SINGAPORE - Could engineered human stem cells hold the key to a cancer cure?
A recent discovery by Singapore scientists from the Institute of Bioengineering and Nanotechnology (IBN) - a research body under the Agency for Science, Technology and Research (A*STAR) - proves that science fiction may be not too far off from reality.
The team, led by lead researcher Dr Shu Wang, have discovered certain cells have the innate ability to target tumour cells outside the central nervous system.
These neural stem cells (NSCs) were derived using human induced pluripotent stem (iPS) cells. Pluripotent stem cells can give rise to any fetal or adult cell type.
The NSCs were then loaded with a suicide gene and injected into mice with breast cancer.
The study found that the cells then homed in on the breast tumors in the mice, and also accumulated in various organs infiltrated by the cancer cells such as the lung, stomach and bone.
A drug to activate the suicide gene to kill the cancerous cells upon contact was then injected into the mice. Subsequent follow up revealed that the test mice survived for a significantly longer time, from 34 days to 39 days.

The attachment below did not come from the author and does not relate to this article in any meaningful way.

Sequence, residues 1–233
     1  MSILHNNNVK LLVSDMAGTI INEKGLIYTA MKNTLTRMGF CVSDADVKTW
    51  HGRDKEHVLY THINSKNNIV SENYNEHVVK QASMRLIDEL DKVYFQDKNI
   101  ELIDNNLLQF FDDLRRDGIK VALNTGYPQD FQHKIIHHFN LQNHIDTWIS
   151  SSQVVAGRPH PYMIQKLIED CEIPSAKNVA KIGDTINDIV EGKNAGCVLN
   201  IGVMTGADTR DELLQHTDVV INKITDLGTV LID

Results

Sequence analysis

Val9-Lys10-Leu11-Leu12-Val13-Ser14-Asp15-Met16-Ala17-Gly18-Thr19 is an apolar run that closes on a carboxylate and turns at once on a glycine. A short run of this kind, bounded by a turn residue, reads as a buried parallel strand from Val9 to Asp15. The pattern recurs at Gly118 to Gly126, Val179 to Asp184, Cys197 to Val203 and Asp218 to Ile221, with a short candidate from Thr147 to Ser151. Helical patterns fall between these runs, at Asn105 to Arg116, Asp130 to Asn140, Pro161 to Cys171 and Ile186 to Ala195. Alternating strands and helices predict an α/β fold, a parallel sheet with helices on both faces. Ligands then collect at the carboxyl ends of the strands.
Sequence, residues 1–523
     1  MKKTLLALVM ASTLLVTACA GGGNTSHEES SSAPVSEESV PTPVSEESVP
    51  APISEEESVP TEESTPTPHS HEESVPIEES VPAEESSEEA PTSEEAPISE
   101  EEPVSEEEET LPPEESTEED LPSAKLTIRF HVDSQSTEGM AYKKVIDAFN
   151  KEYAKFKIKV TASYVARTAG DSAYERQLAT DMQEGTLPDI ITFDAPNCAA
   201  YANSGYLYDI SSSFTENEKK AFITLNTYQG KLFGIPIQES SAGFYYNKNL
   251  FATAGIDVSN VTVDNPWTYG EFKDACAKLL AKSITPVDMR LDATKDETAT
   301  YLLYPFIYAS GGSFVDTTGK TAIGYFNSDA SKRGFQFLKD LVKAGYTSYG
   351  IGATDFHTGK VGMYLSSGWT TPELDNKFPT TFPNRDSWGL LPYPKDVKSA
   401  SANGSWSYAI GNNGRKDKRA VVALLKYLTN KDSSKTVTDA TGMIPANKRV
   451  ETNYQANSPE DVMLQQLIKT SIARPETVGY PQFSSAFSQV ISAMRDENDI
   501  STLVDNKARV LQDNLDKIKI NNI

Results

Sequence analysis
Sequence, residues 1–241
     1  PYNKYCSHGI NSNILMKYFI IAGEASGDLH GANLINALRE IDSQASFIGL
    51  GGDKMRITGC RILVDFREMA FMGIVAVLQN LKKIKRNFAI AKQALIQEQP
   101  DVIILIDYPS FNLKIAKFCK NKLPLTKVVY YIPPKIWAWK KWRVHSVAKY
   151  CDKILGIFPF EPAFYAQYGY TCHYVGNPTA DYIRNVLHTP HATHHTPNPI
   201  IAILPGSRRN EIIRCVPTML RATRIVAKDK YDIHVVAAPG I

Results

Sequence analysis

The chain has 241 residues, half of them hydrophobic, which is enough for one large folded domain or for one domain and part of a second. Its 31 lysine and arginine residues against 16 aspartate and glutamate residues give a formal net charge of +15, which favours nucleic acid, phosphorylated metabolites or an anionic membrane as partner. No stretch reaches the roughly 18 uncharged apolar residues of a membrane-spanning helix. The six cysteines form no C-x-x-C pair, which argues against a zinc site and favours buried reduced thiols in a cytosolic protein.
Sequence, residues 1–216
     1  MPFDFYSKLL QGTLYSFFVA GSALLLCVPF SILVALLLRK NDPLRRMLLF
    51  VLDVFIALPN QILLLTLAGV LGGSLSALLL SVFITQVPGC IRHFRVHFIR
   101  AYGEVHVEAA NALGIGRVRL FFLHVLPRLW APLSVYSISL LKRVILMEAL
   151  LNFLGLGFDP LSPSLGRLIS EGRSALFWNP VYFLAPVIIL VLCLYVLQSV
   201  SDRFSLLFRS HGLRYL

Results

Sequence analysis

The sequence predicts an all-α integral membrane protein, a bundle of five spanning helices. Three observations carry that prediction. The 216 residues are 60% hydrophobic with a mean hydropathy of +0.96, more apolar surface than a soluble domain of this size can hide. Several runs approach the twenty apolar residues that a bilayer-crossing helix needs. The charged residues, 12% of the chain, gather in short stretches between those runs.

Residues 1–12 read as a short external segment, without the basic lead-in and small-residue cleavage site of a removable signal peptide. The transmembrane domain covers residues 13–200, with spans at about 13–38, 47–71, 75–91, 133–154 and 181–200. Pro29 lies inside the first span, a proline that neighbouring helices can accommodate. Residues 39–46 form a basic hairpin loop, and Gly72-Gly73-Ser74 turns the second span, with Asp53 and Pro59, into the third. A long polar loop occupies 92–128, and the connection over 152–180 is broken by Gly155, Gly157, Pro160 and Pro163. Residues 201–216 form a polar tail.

"We have demonstrated that tumor-targeting neural stem cells may be derived from human iPS cells, and that these cells may be used in combination with a therapeutic gene to cripple tumor growth," said Dr Wang, adding that the team will continue to improve the method to prevent and minimise unwanted side effects.
The discovery promises an alternative to conventional cancer treatment, said Professor Jackie. Y. Ying, IBN Executive Director.
In addition, IBN's approach of using iPS cells to derive NSCs is less laborious and suitable for large-scale manufacture of uniform batches of cellular products. It will also help eliminate variability in the quality of the cellular products, A*STAR said.
Furthermore, since iPS cells are developed from a patient's own cells, the likelihood of immune rejection would be reduced.
On an ethical note, these iPS cell-derived NSCs are derived from adult cells, which bypasses the sensitive ethical issue surrounding the use of human embryos.
The effectiveness of using NSCs to treat brain tumors has been investigated in previous studies.
However, this is the first study that demonstrates that NSCs could also target tumors outside the central nervous system to treat both primary and secondary tumors.
Cancer remains a leading cause of death worldwide, accounting for 7.6 million deaths in 2008, and breast cancer is one of the most common causes of cancer deaths each year.
In Singapore, more than 1,400 women are diagnosed with breast cancer and more than 300 die as a result of breast cancer each year.
The high fatality rate of cancer is partially attributed to the invasive ability of malignant tumors to spread throughout the human body, and the ineffectiveness of conventional therapies to eradicate the cancer cells.